Graphic design inspiration from the Bauhaus movement

The angular approach and use of geometry in the logo are definitive of the Bauhaus style.

Bauhaus school emblem with geometric face profile.
Image Source: Designhistory.org

Poster for the 1923 Bauhaus exhibition

This poster by Joost Schmidt for the 1923 Bauhaus exhibition in Weimar is an excellent example of experimentation with layout and the innovative use of geometric shapes.

Historical Bauhaus exhibition poster with typographic design from 1923.
Image Source: Bauhaus Kooperation

Universal Type

Herbert Bayer's proposal for "Universal Type".

Complete set of Bauhaus-style typeface characters including letters, numbers, and symbols.
Image Source: Pixart Printing

An experiment with Typophoto

Moholy-Nagy's typophotographic experiments set a new bar for what was possible with graphic design.

Car on a spiraling track in a vintage Bauhaus-style ad.
Image Source: Jon Nicholls on Photopedagogy.com

The Bauhaus curriculum

The design of the Bauhaus curriculum revolutionized art education. By starting with an understanding of form, and having the opportunity to play with many materials and disciplines, students were able to naturally gravitate towards where their interests and talents were most suited.

Diagram of Bauhaus curriculum structure with concentric circles detailing various subjects.
Image Source: Crane Designs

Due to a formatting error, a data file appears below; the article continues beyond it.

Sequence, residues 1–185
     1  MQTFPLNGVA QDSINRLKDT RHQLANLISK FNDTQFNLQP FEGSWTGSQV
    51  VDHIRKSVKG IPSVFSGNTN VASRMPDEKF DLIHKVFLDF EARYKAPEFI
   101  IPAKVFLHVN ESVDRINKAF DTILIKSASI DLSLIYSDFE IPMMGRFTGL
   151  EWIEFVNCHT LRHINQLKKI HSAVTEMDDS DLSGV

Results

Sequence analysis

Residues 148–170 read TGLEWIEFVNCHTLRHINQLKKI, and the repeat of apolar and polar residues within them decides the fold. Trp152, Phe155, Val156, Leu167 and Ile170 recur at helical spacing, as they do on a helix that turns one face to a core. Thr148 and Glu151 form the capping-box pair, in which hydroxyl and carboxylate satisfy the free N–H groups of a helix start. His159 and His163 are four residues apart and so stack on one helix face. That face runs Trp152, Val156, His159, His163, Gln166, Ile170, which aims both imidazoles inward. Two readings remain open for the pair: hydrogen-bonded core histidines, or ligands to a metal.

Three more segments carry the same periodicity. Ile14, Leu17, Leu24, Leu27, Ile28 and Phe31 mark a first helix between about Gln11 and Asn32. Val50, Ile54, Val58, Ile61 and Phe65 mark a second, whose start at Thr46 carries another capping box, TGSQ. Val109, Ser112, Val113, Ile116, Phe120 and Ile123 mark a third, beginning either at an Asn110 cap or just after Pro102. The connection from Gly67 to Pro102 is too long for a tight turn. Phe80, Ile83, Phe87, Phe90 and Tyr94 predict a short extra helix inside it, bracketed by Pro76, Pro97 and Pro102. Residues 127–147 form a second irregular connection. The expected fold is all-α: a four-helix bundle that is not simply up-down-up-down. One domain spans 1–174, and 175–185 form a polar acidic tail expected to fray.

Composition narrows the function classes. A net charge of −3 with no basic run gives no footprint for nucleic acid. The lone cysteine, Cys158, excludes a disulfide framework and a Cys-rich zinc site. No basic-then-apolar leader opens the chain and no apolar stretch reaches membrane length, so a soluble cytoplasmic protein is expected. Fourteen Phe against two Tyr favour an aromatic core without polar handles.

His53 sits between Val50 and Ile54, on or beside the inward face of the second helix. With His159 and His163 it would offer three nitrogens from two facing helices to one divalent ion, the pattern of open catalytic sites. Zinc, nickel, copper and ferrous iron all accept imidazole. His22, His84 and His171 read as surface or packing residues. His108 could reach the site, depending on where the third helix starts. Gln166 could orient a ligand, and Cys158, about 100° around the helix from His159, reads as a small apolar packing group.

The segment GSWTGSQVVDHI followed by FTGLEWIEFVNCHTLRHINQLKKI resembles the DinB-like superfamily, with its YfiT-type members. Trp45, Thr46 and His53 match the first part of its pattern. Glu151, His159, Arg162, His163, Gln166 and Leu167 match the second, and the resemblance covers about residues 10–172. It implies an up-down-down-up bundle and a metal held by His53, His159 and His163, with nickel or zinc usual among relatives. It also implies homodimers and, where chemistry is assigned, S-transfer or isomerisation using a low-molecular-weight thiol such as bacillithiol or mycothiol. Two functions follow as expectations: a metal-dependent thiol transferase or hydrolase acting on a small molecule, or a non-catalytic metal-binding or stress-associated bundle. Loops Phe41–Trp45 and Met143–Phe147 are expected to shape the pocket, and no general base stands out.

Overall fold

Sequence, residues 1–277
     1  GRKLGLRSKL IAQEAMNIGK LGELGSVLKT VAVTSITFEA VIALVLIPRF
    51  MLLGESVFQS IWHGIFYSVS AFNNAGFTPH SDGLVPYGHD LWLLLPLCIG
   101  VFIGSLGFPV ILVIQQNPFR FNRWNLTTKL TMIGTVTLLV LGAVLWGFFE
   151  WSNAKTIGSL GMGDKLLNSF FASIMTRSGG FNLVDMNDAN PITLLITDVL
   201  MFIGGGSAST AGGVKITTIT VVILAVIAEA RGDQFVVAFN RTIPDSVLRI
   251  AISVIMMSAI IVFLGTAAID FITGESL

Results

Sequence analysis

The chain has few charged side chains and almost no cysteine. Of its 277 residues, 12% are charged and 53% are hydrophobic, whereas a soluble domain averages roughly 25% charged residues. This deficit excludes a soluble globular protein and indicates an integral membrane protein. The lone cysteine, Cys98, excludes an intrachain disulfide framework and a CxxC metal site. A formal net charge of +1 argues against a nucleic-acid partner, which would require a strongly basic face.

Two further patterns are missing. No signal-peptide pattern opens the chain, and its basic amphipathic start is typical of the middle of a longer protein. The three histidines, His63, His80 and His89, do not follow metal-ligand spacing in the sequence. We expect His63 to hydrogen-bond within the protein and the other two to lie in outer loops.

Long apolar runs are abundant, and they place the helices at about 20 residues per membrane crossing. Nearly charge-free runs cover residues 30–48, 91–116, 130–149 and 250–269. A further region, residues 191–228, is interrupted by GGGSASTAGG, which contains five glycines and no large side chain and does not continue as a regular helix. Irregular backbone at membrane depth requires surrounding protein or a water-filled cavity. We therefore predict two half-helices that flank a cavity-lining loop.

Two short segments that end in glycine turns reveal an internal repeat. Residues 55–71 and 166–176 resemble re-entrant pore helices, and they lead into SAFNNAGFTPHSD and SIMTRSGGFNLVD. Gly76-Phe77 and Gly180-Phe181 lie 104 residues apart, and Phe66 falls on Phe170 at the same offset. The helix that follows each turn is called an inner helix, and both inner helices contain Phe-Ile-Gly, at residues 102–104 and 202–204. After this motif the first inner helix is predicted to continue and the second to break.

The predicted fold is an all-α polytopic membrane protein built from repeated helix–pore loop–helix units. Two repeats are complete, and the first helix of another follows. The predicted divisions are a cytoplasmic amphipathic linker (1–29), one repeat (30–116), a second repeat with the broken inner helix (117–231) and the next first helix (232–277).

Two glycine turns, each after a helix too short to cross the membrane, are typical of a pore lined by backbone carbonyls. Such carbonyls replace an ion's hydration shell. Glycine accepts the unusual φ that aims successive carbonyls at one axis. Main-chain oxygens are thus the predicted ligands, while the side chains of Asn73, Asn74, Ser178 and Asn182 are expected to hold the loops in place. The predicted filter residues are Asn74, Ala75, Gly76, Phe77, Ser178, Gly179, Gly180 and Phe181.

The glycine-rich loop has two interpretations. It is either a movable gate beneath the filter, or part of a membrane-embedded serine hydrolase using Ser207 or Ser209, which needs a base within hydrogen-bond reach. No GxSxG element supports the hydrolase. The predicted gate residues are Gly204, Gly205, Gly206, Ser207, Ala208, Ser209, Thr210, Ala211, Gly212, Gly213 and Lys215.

Bauhaus exhibition poster

Below, a Herbert Bayer design for a Bauhaus exhibition poster exemplifies experimentation with white space and primary colors coming together to create a minimalist yet vibrant aesthetic.

Bauhaus exhibition poster with geometric shapes and typography.
Image Source: Bauhaus Movement on Behance

Wassily Kandinsky painting

Yellow-Red-Blue is a famous painting by Wassily Kandinsky that depicts experimentation with shape and color that was definitive of the movement.

Colorful abstract painting with dynamic shapes and lines.
Image Source: Wassily-Kandinsky.org

Oskar Schlemmer costume designs

Schlemmer’s costume designs mirrored the same experimentation with shape and color. They transformed actors into machine-like forms that resemble the cultural concern with industry during the movement.

Sketches of Bauhaus Triadic Ballet costumes by Oskar Schlemmer.
Image Source: Harvard Art Museums

Collage by Grete Reinhardt

The term “Collage” was popularized during this time and is still a beloved style in graphic design and art today.

Vintage Bauhaus collage with text, images, and handwritten notes.
Image Source: Bauhaus Kooperation

Google logo in the Bauhaus style

This one's just for fun!

Stylized Bauhaus-inspired Google logo with geometric shapes.
Image Source: artopelago™ on 99designs

László Moholy-Nagy, City Lights ( Die Lichter der Stadt )

A 1928 collage by László Moholy-Nagy.

Monochrome Bauhaus artwork with figures on a geometric kite.
Image Source: Elizabeth Otto on ResearchGate

Apply Bauhaus to your graphic design

If you’re a graphic designer, you might want to bring the Bauhaus look to one of your designs or apply some of the Bauhaus principles of design to your work. By playing with geometry, color theory, minimalism, and functionality, you might discover a whole new approach to your design work and creative process.

Linearity Curve (formerly Vectornator) is a fantastic tool for experimenting with geometric design possibilities, as vector design tools are created to design through building shapes. Check it out if you haven't already!